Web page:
People fail to see the real issue. The problems are not only political and social. They are personal. Things are not as they should be because we – all people, both individually and collectively, have persistently rebelled against God. In pronouncing judgment against this rebellion, God has made frustration and chaos major players in our experience. The sad news is that God intends to continue his judgment against continuing rebellion. For as long as people rebel against God and reject his authority, God will be against them.

So, this is our common dilemma. We experience trouble and frustration; we innately know that this is not how things ought to be. Yet, this is the way they are. Man-made efforts to change are ineffective, yet remain most attractive to us. We tend to look anywhere and everywhere except to God, who is the sole source of help and relief.

In his Word, God explains the reason for our turmoil. However, to get a better understanding of this, we need to catch up on a few things, especially the context.

God had placed Adam and Eve in a beautiful garden and provided all that they needed. Not only was the garden beautiful to look at, but it also provided delectable fruit, and presumably veggies to eat. There was one tree, however, which was off-limits; it was the Tree of the Knowledge of Good and Evil. Of that tree, God said, you shall not eat. With the prohibition, he also announced a consequence or penalty. He said, “In the day that you eat of it you will surely die.”

Why was it wrong to eat of the fruit of this tree?

This tree was distinguished from the others because of what God said about it. Adam and Eve were instructed by their gracious Creator, who had provided all they needed for their enjoyment; commanding them not to eat from it.

Then came the serpent, who introduced doubt and then questioned the goodness of their Creator. Initially, Eve argued with the serpent, but eventually, she succumbed to his scheme. As a result, sin and rebellion against God entered the world.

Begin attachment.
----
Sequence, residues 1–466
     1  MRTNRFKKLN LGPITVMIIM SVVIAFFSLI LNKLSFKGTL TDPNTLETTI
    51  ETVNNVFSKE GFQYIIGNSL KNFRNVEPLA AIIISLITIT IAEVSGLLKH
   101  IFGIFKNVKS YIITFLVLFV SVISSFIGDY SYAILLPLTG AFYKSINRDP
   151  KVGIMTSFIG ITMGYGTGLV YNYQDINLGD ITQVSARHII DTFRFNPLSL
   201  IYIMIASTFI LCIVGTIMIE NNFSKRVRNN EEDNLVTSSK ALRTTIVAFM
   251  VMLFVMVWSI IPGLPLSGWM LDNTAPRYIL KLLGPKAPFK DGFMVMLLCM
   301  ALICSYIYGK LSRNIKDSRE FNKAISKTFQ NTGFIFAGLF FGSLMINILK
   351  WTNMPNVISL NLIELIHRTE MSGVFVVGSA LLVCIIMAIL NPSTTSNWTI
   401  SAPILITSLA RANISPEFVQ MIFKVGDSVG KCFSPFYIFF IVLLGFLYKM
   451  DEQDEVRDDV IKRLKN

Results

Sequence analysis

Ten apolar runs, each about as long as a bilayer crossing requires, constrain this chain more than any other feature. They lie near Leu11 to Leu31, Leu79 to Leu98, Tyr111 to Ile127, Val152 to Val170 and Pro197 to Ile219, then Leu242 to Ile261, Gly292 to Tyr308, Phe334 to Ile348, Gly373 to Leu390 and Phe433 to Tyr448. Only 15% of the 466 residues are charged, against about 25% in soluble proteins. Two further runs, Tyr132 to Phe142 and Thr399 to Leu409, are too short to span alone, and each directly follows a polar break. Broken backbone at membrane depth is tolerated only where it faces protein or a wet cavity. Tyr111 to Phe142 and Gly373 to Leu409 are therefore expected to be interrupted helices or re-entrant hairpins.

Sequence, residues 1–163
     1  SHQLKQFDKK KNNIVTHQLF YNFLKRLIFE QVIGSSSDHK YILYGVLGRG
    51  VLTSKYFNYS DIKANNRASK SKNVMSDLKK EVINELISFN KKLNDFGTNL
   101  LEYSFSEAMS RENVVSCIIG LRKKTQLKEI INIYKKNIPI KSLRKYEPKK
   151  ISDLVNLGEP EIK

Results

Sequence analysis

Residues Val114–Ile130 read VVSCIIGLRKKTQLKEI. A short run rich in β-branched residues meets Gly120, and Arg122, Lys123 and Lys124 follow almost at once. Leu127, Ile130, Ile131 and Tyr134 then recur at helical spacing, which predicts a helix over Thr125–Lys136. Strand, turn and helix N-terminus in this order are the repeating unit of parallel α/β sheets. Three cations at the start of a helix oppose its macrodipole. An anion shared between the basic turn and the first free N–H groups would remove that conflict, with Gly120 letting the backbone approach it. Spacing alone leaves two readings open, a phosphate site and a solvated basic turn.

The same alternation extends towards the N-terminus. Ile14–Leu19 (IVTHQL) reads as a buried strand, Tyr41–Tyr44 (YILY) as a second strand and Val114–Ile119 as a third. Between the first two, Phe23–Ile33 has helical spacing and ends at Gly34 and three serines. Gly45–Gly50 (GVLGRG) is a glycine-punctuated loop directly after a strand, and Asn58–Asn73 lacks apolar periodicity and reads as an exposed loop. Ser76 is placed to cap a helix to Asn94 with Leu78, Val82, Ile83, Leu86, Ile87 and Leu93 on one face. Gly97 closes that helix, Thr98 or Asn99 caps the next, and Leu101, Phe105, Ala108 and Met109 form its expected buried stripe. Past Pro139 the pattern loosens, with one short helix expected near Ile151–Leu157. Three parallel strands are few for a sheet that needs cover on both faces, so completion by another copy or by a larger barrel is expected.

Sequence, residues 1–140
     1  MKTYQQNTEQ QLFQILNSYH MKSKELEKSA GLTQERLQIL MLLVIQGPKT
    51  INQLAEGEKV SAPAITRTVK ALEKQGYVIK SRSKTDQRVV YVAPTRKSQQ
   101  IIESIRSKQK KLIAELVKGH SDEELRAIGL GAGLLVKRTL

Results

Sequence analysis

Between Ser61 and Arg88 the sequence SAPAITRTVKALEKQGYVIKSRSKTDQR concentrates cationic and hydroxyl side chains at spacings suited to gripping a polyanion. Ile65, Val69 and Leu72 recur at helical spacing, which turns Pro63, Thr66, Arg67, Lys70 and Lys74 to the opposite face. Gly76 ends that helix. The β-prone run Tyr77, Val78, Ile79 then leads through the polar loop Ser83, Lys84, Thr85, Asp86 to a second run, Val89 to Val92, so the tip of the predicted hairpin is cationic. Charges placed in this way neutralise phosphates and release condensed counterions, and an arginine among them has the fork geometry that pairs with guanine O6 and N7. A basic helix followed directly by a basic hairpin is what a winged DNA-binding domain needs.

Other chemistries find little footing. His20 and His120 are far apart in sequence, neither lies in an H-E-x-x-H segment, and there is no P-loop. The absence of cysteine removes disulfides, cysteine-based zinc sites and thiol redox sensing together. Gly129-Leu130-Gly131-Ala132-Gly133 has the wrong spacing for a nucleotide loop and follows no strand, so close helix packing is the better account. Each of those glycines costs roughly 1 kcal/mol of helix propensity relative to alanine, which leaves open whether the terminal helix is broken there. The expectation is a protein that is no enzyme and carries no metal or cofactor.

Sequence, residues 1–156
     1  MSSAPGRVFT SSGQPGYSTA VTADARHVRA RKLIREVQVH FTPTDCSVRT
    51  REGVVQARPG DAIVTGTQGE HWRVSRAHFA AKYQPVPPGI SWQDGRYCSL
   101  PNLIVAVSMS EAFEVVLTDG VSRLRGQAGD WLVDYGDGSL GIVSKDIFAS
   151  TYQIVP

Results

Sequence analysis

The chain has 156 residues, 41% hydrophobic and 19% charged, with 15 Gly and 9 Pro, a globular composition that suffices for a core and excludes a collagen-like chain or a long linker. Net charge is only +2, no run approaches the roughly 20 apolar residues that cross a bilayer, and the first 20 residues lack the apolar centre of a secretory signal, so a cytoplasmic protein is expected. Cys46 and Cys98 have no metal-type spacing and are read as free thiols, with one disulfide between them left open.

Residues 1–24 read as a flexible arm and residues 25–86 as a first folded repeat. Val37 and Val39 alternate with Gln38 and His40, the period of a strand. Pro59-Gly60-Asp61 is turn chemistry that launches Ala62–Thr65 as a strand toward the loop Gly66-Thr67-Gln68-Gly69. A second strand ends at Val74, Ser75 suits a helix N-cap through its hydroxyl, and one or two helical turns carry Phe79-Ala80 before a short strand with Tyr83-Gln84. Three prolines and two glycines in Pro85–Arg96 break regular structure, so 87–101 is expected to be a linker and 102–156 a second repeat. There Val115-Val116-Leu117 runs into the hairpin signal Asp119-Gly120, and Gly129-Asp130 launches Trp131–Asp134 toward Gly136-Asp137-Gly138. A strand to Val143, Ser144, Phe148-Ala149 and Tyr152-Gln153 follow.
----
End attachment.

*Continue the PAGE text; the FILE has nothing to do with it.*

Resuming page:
God confronted the rebels and pronounced three words of judgment. The first is in verse 15. “I will put enmity between you and the woman, and between your offspring and her offspring; he shall bruise your head, and you shall bruise his heel.”

God then pronounced his words of judgment on both of our first parents. Although both are given specific punishment for their individual rebellion, there is one common characteristic: pain.

This Hebrew word translated pain refers to hard, difficult, troublesome work. It carries with it the ideas of distress and toil. It describes physical and emotional discomfort and spiritual anguish. Obviously, it’s a loaded word that aptly depicts our human experience.

It is vital that we consider verse 15. Which has traditionally been referred to as the “Protevangelium.” There is development in this verse. It traces the enmity between two individuals (the serpent and Eve) to a final denouncement: the woman’s offspring or seed (singular) will crush the head of the serpent. This is the first announcement of the Good News of the Gospel. It contains the earliest promise of the coming of Jesus, a prophecy that his appearance will climax an extended conflict.

The conflict between the seed of the woman in the seed of the serpent is the plot line for the entire Bible. It is also the theme of human history.

Next time, we will consider complaining from a positive perspective. For now, here are some things to think about – a pop quiz!

  1. What is complaining?
  2. Why are you a complainer?
  3. What is your hope for a better future?